The medieval sources that cover Ragnar include:
- book IX of the Gesta Danorum, a 12th-century work by the Christian chronicler Saxo Grammaticus,
- the Tale of Ragnar's sons (Ragnarssona þáttr), a legendary saga,
- the Tale of Ragnar Lodbrok, another saga, a sequel to the Völsunga saga,
- the Ragnarsdrápa, a skaldic poem of which only fragments remain, attributed to the 9th-century poet Bragi Boddason,
- the Krákumál, Ragnar's death-song, a 12th-century Scottish skaldic poem.
In popular culture
- Ragnar Lodbrok is mentioned in Edwin Atherstone's novel Sea-Kings in England.
- Ragnar Lothbrok is featured in Edison Marshall's 1951 novel The Viking.
- Richard Parker's 1957 historical novel The Sword of Ganelon explores the character of Ragnar, his sons, and Viking raiding culture.
- In The Vikings, a film of 1958, Ragnar, played by Ernest Borgnine, is captured by King Ælla and cast into a pit of wolves. His son Einar (presumably a variation of the historical Ivar), played by Kirk Douglas, vows revenge and conquers Northumbria. The script is based on Marshall's novel.
- Ragnar's shipwreck, capture, and execution, as well as his sons' revenge, are portrayed in Harry Harrison's 1993 alternative history novel The Hammer and the Cross.
- Ragnar features in various strategy video games with a historical setting, including Civilization III: Play the World, Medieval: Total War, Civilization IV: Warlords and Crusader Kings II (the last of which also features his sons).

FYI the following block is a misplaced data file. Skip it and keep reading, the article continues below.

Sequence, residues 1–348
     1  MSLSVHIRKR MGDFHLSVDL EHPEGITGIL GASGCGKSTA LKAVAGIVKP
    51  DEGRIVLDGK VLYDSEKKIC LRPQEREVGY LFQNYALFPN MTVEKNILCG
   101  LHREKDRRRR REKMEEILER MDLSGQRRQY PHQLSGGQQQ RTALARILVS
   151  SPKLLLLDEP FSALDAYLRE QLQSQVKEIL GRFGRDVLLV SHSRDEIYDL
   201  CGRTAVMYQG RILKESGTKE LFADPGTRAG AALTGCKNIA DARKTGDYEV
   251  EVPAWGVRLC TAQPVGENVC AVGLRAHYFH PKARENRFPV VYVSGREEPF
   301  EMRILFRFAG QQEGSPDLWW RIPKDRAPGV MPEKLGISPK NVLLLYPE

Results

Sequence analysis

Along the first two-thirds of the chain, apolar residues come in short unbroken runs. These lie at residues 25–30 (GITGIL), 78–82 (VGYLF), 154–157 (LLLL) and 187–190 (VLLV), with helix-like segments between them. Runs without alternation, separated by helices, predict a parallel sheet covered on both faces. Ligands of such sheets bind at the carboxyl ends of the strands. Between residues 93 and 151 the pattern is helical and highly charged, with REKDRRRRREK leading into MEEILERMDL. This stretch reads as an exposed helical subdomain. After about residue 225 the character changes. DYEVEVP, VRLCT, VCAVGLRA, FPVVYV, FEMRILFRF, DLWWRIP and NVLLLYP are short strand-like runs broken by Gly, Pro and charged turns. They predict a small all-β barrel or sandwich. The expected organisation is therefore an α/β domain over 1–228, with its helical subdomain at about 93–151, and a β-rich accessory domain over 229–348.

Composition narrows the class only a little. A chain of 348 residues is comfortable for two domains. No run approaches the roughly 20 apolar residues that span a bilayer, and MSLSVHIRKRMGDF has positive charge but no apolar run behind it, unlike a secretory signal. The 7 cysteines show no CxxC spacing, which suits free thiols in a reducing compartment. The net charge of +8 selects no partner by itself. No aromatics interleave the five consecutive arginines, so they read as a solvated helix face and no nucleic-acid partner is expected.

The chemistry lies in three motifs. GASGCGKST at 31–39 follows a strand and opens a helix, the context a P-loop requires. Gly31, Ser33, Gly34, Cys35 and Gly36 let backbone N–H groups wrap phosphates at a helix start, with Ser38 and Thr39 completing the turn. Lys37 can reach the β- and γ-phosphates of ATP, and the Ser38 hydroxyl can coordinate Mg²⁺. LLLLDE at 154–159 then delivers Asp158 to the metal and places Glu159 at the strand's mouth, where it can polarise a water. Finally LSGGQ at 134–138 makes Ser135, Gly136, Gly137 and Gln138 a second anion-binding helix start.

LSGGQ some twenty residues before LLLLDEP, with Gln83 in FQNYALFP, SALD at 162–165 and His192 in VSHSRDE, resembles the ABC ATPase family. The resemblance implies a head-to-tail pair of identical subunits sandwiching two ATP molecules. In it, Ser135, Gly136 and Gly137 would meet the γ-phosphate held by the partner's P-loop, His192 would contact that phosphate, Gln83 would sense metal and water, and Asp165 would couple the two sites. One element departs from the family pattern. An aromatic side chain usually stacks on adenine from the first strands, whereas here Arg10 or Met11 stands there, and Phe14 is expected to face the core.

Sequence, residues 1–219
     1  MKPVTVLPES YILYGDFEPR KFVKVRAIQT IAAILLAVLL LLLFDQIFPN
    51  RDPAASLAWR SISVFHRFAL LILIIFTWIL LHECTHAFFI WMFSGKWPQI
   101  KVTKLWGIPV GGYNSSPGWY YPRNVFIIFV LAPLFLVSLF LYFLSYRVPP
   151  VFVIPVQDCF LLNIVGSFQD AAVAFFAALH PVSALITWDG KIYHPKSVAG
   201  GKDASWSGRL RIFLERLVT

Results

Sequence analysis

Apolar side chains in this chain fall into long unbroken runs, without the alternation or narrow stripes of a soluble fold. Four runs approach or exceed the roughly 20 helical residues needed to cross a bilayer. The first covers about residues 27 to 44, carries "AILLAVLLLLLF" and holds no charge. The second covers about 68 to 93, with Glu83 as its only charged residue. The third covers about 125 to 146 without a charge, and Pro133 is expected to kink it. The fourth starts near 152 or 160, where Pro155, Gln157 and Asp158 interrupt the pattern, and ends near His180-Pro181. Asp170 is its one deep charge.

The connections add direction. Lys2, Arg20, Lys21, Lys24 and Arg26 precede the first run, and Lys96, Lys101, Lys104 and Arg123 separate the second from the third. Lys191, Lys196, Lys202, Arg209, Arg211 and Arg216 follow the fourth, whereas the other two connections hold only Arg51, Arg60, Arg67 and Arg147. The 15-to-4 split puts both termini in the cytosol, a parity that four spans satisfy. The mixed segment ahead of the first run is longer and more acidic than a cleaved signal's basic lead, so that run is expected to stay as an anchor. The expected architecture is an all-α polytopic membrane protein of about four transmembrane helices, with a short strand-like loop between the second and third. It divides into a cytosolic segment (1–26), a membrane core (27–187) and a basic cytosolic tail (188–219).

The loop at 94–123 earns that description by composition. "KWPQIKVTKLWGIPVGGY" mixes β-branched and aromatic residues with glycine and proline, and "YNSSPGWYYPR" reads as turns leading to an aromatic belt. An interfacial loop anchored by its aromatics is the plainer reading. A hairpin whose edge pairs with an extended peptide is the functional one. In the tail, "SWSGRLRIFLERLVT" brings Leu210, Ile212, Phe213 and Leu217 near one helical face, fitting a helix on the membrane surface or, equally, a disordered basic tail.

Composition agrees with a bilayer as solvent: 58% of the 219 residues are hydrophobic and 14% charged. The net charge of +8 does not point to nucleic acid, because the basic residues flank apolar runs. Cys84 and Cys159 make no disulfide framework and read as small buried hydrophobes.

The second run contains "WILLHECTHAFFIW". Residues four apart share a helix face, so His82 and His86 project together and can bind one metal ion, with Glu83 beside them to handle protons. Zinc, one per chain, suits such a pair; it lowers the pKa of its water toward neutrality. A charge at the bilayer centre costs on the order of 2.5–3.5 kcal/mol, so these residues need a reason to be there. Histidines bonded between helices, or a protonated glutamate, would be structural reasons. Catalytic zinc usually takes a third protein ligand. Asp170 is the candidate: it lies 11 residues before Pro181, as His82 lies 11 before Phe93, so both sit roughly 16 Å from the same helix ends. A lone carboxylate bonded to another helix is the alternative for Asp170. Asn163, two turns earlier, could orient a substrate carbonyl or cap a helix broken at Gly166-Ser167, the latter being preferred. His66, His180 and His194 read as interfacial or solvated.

- Played by Travis Fimmel, Ragnar is the protagonist of the History Channel's historical drama television series Vikings that debuted in 2013.
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- Saxo Grammaticus (1980) . Davidson, Hilda Roderick Ellis, ed. Gesta Danorum [Saxo Grammaticus: The history of the Danes: books I–IX]. 1 & 2. Translated by Peter Fisher. Cambridge: D. S. Brewer. Chapter introduction commentaries. ISBN 978-0-85991-502-1.
- Holman, Katherine (July 2003). Historical dictionary of the Vikings. Lanham, Maryland: Scarecrow Press. ISBN 978-0-8108-4859-7.
- McTurk, Rory (1991). Studies in Ragnars saga loðbrókar and Its Major Scandinavian Analogues. Medium Aevum Monographs. 15. Oxford. ISBN 0-907570-08-9.
- Strerath-Bolz, Ulrike (1993). Review of Rory McTurk, Studies in "Ragnars saga loðbrókar" and Its Major Scandinavian Analogues, Alvíssmál 2: 118–19.
- Forte, Angelo, Richard Oram, and Frederik Pedersen (2005). Viking Empires. Cambridge University Press, ISBN 0-521-82992-5.
- Schlauch, Margaret (transl.) (1964). The Saga of the Volsungs: the Saga of Ragnar Lodbrok Together with the Lay of Kraka. New York: American Scandinavian Foundation.
- Sprague, Martina (2007). Norse Warfare: the Unconventional Battle Strategies of the Ancient Vikings. New York: Hippocrene Books. ISBN 0-7818-1176-7.
- Waggoner, Ben (2009). The Sagas of Ragnar Lodbrok. The Troth. ISBN 978-0-578-02138-6.
|King of Sweden
in West Norse tradition
|King of Denmark||Succeeded by
|King of Denmark
in Gesta Danorum